13 for the simple reason that this is an order pursuant to a order. We don't
14 have the previous order. We don't have the signature to this order. We
15 can't see who issued it or a stamp. All it says is what we see here. I
16 don't know what we can deduce and prove based on an order, based on a
17 previous order, which we haven't seen. So we object in principle. The
18 authenticity of the document. There's no signature, no stamp. We haven't
19 seen a single document like this. Documents are usually at least signed.
20 We can't see who issued this, pursuant to whose orders. The military
21 police department of a previous order of theirs, and I think we ought to
22 be shown the previous document so that we can assess this one.
23 JUDGE ANTONETTI: [Interpretation] We're going to take note of your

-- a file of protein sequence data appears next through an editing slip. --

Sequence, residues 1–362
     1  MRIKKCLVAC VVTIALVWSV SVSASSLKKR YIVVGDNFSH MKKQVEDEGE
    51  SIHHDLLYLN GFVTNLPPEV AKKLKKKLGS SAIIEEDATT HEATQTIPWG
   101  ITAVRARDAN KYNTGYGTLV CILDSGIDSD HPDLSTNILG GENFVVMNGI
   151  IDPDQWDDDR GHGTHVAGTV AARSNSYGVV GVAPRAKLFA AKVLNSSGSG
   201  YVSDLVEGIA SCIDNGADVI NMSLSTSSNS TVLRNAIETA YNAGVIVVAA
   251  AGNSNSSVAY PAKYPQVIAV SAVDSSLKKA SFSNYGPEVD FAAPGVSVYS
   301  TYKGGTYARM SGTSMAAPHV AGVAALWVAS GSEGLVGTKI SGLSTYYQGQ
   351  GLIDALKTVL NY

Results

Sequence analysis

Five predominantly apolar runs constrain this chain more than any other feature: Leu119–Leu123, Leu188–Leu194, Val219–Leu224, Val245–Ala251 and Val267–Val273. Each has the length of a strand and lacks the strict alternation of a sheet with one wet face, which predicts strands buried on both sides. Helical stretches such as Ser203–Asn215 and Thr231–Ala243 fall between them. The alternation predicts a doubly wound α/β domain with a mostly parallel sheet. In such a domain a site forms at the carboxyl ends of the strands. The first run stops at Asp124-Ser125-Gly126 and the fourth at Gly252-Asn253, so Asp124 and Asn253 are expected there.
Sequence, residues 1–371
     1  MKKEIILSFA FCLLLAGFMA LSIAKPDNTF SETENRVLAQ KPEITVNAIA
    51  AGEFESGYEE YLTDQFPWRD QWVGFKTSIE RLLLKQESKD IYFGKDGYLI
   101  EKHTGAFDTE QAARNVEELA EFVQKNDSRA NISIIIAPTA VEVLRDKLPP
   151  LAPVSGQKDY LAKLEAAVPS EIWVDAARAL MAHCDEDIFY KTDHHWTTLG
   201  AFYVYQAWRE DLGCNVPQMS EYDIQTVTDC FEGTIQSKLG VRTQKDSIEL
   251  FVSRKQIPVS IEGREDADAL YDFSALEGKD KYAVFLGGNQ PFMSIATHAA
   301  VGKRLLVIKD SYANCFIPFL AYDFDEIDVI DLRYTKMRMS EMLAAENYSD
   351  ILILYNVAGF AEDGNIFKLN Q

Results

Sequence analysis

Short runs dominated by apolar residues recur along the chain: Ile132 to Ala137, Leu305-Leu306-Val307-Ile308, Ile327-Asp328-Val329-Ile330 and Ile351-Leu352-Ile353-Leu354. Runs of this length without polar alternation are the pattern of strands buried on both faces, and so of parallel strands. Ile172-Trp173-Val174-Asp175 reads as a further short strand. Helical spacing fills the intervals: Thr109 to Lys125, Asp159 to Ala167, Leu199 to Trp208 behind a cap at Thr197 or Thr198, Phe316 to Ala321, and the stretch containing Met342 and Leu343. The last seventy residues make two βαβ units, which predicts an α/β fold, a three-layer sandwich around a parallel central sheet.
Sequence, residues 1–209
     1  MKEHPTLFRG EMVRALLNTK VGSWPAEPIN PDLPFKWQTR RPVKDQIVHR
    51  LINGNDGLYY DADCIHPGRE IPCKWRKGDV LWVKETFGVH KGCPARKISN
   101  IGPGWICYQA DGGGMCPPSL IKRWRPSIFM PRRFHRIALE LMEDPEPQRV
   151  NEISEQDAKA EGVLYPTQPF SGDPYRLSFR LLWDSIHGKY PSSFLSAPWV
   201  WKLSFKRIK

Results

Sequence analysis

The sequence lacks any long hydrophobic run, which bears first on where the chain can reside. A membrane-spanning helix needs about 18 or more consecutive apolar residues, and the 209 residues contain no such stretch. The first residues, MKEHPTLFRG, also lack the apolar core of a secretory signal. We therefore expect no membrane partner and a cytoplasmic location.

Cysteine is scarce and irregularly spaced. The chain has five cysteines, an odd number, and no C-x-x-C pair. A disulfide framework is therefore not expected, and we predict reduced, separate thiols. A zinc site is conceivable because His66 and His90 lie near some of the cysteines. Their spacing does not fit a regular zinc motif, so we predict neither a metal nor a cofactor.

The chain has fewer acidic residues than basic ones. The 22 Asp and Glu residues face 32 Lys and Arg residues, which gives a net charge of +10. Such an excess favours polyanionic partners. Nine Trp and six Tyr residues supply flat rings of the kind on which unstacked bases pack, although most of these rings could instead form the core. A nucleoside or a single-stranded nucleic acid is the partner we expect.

24 objection. Continue.
25 MS. EGELS:
1 Q. So, Witness, Exhibit number 8858, please. And if I can ask you to
2 go to the last page of this document which is page number 12 in both your
3 language and the English version.
4 MS. EGELS: Your Honour, if we might go to private session because
5 I will have to name names.
6 JUDGE ANTONETTI: [Interpretation] Very well.
7 [Private session]
5 [Open session]
6 THE REGISTRAR: Your Honours, we're back in open session.
7 JUDGE ANTONETTI: [Interpretation] Ms. Egels, you have the floor.
8 MS. EGELS: Thank you.
9 Q. Witness, can I ask you to go now to Exhibit number 9086. Do you
10 recognise this place?
11 A. Yes.
12 Q. Can you tell the Court what this place is?